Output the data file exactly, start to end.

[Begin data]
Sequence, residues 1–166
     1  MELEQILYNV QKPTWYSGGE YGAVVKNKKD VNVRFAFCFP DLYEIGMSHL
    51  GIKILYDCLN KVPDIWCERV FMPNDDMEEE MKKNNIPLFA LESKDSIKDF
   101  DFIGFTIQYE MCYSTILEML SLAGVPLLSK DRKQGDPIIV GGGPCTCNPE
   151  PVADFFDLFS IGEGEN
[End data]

Sequence, residues 1–166
     1  MELEQILYNV QKPTWYSGGE YGAVVKNKKD VNVRFAFCFP DLYEIGMSHL
    51  GIKILYDCLN KVPDIWCERV FMPNDDMEEE MKKNNIPLFA LESKDSIKDF
   101  DFIGFTIQYE MCYSTILEML SLAGVPLLSK DRKQGDPIIV GGGPCTCNPE
   151  PVADFFDLFS IGEGEN